Brad Ausmus Named First Jewish Manager of Detroit Tigers

Former Skipper of Team Israel Is Young for Job

A Jewish Skipper: A former manager of Team Israel, Brad Ausmus will be major league baseball’s sixth Jewish manager.
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A Jewish Skipper: A former manager of Team Israel, Brad Ausmus will be major league baseball’s sixth Jewish manager.

By Dan Epstein

Published November 04, 2013, issue of November 08, 2013.
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The Detroit Tigers announced that Brad Ausmus will be their new manager for 2014. The 44 year-old Ausmus replaces the 68 year-old Jim Leyland, who announced his retirement in late October, shortly after the Tigers lost the American League Championship Series to the Boston Red Sox. The hiring makes Ausmus the 38th skipper in Tigers franchise history — and their first Jewish one.

The Tigers’ hiring of Ausmus comes eighty years after Hank Greenberg — who also wore Detroit’s old English “D” — emerged as baseball’s first Jewish superstar. But while there’s been a steady stream of Jewish players in the big leagues since Greenberg’s heyday, Jewish managers have literally been scarcer than perfect games.

In fact, before now there had only been five Jewish skippers in the entire history of the major leagues: Lipman Pike, who in 1874 hit .355 as the player/manager of the Hartford Dark Blues; Lou Boudreau, who led the Cleveland Indians to their last World Series championship in 1948, and later managed the Boston Red Sox, Kansas City Athletics and Chicago Cubs; Norm Sherry, who managed the California Angels during the second half of the 1976 season and the first half of 1977; Seattle Mariners/Arizona Diamondbacks/Oakland Athletics skipper Bob Melvin (whose A’s lost to the Tigers in this year’s ALDS); and Jeff Newman, who served as the Oakland A’s interim manager for 10 games in 1986. Ausmus is now number six.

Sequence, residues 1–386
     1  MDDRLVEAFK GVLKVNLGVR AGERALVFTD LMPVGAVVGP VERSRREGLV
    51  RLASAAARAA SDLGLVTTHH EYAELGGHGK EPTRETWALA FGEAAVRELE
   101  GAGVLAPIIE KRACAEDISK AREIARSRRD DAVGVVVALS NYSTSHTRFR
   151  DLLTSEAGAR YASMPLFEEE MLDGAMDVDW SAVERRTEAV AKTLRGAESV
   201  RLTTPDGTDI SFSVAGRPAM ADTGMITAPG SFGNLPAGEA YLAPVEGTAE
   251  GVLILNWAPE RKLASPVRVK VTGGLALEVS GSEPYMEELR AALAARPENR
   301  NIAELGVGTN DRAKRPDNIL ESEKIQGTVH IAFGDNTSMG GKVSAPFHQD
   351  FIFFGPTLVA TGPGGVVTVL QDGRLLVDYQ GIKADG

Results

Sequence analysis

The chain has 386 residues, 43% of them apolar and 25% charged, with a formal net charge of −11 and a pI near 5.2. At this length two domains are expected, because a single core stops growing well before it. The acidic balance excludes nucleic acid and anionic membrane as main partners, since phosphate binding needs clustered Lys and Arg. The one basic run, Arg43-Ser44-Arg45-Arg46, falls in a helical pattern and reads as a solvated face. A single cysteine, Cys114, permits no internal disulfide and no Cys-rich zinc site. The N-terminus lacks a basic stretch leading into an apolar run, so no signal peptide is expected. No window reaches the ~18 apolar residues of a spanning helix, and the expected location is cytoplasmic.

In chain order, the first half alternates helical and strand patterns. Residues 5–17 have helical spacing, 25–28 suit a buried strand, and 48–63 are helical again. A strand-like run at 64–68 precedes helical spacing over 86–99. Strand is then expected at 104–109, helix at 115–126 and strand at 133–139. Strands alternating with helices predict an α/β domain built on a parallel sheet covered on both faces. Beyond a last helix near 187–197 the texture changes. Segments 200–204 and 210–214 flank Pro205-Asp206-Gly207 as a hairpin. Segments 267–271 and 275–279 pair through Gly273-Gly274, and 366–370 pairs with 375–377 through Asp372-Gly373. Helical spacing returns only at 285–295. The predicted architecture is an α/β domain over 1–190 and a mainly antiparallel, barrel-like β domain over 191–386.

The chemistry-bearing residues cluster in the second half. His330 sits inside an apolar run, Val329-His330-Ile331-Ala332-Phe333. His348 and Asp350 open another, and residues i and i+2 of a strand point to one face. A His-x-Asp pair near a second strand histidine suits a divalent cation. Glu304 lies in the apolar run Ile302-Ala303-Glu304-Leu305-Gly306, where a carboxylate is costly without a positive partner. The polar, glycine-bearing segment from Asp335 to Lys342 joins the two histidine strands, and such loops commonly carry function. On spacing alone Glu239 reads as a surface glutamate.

Inducted into the National Jewish Sports Hall of Fame in 2004, Ausmus currently holds the record for most games played by a Jewish major leaguer (1,971); he ranks fifth in career hits among Jewish players (1,579) and eighth in career runs batted in (607). He also served as the manager of Team Israel in the 2012 and 2013 World Baseball Classics, though to date this remains his only managerial experience in organized baseball.

That lack of experience has raised the eyebrows of more than a few fans and pundits, who have expressed surprise that the Tigers would be willing to trust their high-priced roster —which includes Miguel Cabrera, Justin Verlander, Prince Fielder and likely American League Cy Young winner Max Scherzer — to a man who has never even coached a game in the minors. However, the Dartmouth-educated former catcher showed ample evidence of leadership abilities and a keen baseball intellect during his 18-year playing career, which included two stints with the Tigers, and he’s well-respected among players and executives alike; rumor had it that he was also Theo Epstein’s preferred candidate to fill the Chicago Cubs’ managerial vacancy.

Time will tell whether or not the Tigers made the right choice, but their hiring of Ausmus certainly fits in with the current mini-trend of teams tapping smart-but-inexperienced former players to pick up where their veteran skippers have left off. Mike Matheny, a similarly inexperienced former catcher who was hired by the St. Louis Cardinals in November 2011 after Tony LaRussa called it a career, has already taken his team into the playoffs twice, including a trip to this year’s World Series. Tigers GM Dave Dombrowski, who watched his team win its division three years running before falling frustratingly short in the post-season, is hoping that Ausmus — with help from Leyland’s bench coach Gene Lamont, who has agreed to stay on with the team — will provide the necessary spark that will result in Detroit’s first World Series championship since 1984. Should Ausmus achieve that lofty goal, he’ll become the first Jewish manager since Lou Boudreau to lead a team to October glory.

Dan Epstein is the author of “Big Hair & Plastic Grass: A Funky Ride Through Baseball and America in the Swinging 70s.”


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